Sequent is continuing to feel the pangs of change as it moves closer to Wintel through its strategy of building Intel-based products that run Windows NT as well as Digital Unix for sale into smaller accounts than its traditional data centre base.
The company Tuesday announced losses of $85.1m (£51.83m) before tax on revenues of $185.7m (£113.24m). Those numbers included a one-off restructuring charge of $62.9m (£38.35m). A year ago, Sequent earned $8.6m (£5.24m) on $210.7m (£128.47m) in revenues. The loss comes as Sequent's tries to reposition itself as a broader computer supplier to the mid-range as well as the data centre. President and chief operating officer John McAdam said in a prepared statement that European sales were "well below plan".
"These results were very much as expected," said Sequent UK managing director Paul Kelly. "The decision we took was to change our business model from high-end systems and large projects because we found that was leading to lumpy, clunky sales figures that were difficult to predict."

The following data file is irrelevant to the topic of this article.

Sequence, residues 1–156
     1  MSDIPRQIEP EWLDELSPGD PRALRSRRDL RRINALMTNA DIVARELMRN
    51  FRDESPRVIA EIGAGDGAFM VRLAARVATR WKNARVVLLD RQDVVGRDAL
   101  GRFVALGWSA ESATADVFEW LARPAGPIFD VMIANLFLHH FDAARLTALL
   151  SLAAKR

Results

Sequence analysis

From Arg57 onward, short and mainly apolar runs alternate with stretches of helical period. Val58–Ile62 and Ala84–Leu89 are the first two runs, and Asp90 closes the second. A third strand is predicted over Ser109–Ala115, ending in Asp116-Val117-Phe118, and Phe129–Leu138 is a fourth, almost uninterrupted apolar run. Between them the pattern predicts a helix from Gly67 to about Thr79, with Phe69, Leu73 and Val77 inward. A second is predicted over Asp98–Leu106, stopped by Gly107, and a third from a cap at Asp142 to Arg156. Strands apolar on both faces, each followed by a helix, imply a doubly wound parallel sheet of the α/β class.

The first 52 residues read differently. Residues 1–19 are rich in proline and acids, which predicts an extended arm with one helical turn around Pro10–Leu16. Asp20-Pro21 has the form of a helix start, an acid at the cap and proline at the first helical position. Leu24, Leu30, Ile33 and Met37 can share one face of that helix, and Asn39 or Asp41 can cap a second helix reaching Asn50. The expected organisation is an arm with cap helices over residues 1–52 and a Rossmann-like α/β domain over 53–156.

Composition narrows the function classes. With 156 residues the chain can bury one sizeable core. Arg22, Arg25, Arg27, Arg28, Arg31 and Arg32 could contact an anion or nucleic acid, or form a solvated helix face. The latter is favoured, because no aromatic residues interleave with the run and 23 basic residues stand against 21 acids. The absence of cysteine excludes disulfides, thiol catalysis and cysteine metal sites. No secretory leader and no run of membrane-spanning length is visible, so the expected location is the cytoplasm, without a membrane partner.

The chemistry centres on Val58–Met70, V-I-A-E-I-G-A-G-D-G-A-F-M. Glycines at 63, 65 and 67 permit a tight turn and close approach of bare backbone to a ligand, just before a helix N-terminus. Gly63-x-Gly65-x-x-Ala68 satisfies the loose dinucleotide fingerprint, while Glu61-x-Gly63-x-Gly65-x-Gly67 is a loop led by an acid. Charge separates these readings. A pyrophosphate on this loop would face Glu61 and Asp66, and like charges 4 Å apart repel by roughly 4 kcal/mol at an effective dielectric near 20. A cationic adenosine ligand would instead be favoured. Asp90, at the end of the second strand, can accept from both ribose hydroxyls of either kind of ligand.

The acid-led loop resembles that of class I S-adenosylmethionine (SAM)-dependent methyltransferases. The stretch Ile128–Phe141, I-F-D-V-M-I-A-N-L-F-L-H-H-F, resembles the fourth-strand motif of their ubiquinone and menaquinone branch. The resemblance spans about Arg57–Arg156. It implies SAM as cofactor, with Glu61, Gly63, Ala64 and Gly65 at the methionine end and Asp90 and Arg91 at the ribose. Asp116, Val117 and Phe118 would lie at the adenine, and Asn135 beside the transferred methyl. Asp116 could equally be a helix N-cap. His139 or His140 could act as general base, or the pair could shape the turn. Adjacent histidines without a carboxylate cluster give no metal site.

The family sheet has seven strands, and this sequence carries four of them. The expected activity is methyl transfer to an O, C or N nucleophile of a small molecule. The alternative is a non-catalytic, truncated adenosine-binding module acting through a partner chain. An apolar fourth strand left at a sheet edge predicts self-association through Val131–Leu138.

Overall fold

Kelly said Sequent is now successfully penetrating new as well as old accounts with mid-range products. Sequent is already shipping a protoype product, the Numa-Q 2000, that can run both Windows NT and Digital Unix, allowing customers to evaluate and implement NT on the same box as existing Unix processes. It claims sales of over 800 NumaCenter systems including over 200 in the UK where NatWest, BT, One-To-One and the Employment Service are customers.
Sequent expects to have servers based on Intel's Pentium II Xeon processor ready in October. However, Kelly said it will be the arrival of Intel's Merced chip - now expected in mid-2000 - that he expects to provide a "step change in computing power and a fundamental shift in the industry".
Sequent also said it had opened an NT-dedicated engineering centre in Bellevue, Washington where it works with Microsoft developers on the big push to put NT into the data centre.